Monsoon is over. But why is it raining so much in October? Here's the answer
From north to south, many states in India are witnessing heavy rainfall in the month of October, even after the India Meteorological Department (IMD) said the southwest monsoon has completely withdrawn from most of north India.
In Delhi, October has emerged as the wettest month since 1960. In Uttarakhand, nearly 50 people have died due to landslides triggered by heavy rainfall, which also blocked key highways. In Kerala, the authorities had to open gates of a number of dams due to water levels breaching danger marks.
So what is the reason behind this sudden downpour? According to IMD, an unusual western disturbance - a rain system that originates in the Mediterranean region - swept across the northern plans and slammed into the Himalayan ranges, triggering extremely heavy rain spells often regarded as cloudbursts.
"A western disturbance interacted with the easterlies to cause conditions for extremely heavy rain over Uttarakhand. There was a low-pressure area over Bihar which was bringing in a lot of moisture and the western disturbance helped cloud development and rain," said DS Pai, Scientist and head of climate research and services.
And then there was the impact of climate change. “Climate change has increased moisture holding capacity of the atmosphere all around the world. So of course, climate change has a role to play but also local synoptic features need to be considered,” Pai added when asked about reports of cloudburst in Ramgarh block, about 35km from Nainital town.
He also said that in the post-monsoon period, such intense rainfall events occur in Maharashtra also.
The IMD has forecast more rainfall for Odisha and West Bengal, which have already been pounded by low pressure area-induced heavy showers over the past three days, throwing life out of gear in places.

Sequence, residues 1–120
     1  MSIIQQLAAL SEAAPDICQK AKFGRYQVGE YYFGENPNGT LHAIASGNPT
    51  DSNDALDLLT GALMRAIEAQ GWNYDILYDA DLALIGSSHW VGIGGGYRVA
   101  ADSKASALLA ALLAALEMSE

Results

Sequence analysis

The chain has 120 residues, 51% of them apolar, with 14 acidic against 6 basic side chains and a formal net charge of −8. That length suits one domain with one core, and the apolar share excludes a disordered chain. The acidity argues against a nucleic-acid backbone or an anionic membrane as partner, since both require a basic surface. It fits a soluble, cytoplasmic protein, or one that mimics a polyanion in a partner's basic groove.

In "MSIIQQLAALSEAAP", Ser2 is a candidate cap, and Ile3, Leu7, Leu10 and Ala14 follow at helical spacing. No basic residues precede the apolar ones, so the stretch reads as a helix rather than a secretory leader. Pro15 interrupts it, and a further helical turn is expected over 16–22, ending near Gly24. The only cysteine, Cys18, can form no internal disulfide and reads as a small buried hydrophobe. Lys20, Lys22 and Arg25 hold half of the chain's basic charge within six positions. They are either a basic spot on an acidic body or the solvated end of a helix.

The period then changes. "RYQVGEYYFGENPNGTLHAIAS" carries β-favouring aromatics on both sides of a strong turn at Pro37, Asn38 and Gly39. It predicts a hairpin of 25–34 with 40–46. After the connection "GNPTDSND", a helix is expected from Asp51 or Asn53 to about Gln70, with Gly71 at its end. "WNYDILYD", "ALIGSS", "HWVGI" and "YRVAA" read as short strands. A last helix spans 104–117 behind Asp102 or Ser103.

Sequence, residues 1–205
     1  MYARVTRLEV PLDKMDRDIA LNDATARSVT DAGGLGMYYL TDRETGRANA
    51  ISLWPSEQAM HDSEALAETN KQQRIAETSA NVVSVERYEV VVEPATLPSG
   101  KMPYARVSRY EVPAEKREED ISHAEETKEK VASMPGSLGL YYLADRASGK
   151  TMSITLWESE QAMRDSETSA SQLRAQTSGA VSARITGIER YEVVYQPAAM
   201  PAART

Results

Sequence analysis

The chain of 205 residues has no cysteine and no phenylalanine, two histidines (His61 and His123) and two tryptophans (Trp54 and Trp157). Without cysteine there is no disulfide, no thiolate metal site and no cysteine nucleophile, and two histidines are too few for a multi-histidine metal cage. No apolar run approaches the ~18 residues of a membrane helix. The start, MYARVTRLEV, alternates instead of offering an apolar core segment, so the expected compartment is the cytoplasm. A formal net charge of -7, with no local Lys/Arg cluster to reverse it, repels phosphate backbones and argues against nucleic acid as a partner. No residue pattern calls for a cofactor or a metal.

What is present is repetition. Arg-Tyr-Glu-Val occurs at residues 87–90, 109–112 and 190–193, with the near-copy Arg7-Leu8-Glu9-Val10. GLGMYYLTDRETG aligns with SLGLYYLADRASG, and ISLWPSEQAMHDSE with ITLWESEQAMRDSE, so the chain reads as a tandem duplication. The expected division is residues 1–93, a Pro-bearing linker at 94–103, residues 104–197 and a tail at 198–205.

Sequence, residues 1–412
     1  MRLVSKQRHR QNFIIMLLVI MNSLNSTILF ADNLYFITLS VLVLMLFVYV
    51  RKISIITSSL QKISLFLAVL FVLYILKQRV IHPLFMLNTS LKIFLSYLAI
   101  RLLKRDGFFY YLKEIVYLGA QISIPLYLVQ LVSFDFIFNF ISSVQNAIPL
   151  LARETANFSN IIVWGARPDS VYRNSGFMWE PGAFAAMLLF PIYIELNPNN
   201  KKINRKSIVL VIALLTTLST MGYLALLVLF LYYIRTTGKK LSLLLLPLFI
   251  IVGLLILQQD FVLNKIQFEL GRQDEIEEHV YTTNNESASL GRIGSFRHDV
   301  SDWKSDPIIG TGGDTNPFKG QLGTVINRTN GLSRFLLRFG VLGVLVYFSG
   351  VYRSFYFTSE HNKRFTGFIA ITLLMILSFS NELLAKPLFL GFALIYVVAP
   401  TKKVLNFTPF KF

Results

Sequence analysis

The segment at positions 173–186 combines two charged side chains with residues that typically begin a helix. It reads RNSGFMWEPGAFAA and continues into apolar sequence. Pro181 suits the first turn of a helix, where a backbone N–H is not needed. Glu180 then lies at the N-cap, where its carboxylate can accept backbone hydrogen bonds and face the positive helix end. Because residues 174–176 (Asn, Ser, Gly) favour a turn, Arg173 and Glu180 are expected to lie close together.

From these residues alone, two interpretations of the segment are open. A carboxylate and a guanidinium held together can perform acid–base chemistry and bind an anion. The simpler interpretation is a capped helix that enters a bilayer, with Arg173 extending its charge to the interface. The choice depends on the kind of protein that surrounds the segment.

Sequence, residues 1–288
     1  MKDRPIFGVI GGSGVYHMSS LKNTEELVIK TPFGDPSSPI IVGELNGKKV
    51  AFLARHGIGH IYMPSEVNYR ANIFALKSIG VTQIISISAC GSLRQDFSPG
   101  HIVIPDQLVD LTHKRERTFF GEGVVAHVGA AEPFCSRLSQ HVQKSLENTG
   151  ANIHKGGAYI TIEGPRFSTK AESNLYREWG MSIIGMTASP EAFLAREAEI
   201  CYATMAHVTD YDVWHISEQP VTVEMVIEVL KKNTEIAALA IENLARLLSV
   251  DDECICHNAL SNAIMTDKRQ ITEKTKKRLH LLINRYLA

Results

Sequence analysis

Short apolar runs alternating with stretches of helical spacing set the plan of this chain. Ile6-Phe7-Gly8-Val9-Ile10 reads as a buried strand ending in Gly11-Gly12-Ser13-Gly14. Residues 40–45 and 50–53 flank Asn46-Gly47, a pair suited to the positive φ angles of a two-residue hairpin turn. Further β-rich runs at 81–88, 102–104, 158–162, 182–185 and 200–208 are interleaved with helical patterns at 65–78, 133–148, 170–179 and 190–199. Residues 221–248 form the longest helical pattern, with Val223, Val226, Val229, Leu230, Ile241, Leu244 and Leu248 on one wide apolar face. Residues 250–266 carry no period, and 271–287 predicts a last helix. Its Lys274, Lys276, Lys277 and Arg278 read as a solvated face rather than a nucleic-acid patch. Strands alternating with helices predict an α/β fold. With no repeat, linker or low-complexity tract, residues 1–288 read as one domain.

According to the Met department, the states will have to brace for downpour over the next two days, despite the low-pressure system having moved to Bihar.
Water levels in Subarnarekha, Budhabalang and Jalaka rivers in northern Odisha are on the rise, according to the weather department. The MeT office has issued a yellow warning for Sundargarh, Keonjhar, Mayurbhanj and Balasore. In West Bengal, it has warned of extremely heavy rainfall over Darjeeling, Kalimpong and Alipurduar till Wednesday and downpour till Thursday over all sub-Himalayan districts.
In Kerala, shutters of Cheruthoni dam, part of the Idukki reservoir in Kerala, were opened on Tuesday to create more storage capacity after IMD forecast of more rainfall over the next two days. The gates of Idamalayar dam in Ernakulam and Pampa in Pathanamthitta were also opened in the morning as water in these reservoirs had almost reached the danger levels.
The weather department has issued orange alerts for 11 districts, barring Kollam, Alappuzha and Kasaragod, on Wednesday and 12 districts, except Kannur and Kasaragod, on Thursday.
The extreme rain was triggered by a depression in the Arabian Sea, which caused its effect over Kerala. Rain-related incidents have claimed 38 lives across the state.